as China, Fed concerns sour mood….
Downbeat China manufacturing activity added to gloom in most Asian stock markets on Thursday, while emerging market currencies faltered as the dollar charged ahead after the U.S. Federal Reserve’s latest minutes hinted at stimulus tapering.
European shares fell on Thursday, led by financials, after the Federal Reserve signalled it may start withdrawing its monetary stimulus in the next few months. Weak data from China aggravated the decline.
Minutes of the Fed’s Oct. 29-30 policy meeting showed bank officials felt they could start scaling back the asset-purchase programme at one of its next few meetings if economic conditions warranted it.
“Talk of tapering is coming back into the markets, so the recent consolidation in the markets may be expected to continue at least until the Fed meeting next month,” Jawaid Afsar, sales trader at SecurEquity, said.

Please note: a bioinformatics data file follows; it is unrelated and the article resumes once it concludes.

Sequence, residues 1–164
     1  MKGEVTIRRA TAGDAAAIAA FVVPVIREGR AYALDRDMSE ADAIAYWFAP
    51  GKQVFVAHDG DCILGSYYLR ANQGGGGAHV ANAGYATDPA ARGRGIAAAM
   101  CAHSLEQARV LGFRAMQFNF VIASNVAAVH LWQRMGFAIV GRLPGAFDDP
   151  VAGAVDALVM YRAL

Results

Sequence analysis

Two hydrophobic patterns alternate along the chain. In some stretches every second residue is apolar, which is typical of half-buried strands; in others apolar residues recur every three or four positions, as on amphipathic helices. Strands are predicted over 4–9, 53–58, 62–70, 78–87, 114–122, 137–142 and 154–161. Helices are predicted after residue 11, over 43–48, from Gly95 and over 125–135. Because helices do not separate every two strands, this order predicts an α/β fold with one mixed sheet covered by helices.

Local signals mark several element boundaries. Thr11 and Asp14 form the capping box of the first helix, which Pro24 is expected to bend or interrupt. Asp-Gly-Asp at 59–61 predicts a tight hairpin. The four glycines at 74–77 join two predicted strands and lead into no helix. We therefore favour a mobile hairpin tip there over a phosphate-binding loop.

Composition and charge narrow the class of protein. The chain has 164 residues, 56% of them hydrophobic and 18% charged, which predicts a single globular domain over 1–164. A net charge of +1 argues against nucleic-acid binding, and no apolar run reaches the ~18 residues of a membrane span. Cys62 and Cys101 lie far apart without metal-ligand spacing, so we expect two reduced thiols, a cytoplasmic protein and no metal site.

The FTSEurofirst 300 was down 8.07 points, or 0.6 percent, at 1289.31, by 0824 GMT, echoing Wall Street, which reversed course after the Fed minutes on Wednesday.
The loose monetary policy adopted by central banks globally has fed the rally in equities — European shares are up around 13 percent in 2013 — and eroded returns from other asset classes such as bonds and cash.
Banks, those most acutely exposed to the benefits of monetary stimulus, fell 0.7 percent.
MSCI’s broadest index of Asia-Pacific shares outside Japan .MIAPJ0000PUS shed about 1.2 percent, at one point touching its lowest point since late last week. The softer China manufacturing and Fed speculation also weighed on emerging market currencies, sending the Indonesian rupiah to its lowest mark in nearly five years.
But Japan’s Nikkei stock average .N225 bucked the region, surging 1.9 percent as the yen weakened to a four-month low against the dollar, and on plans by a major government fund to invest more of its $2 trillion funds in riskier assets.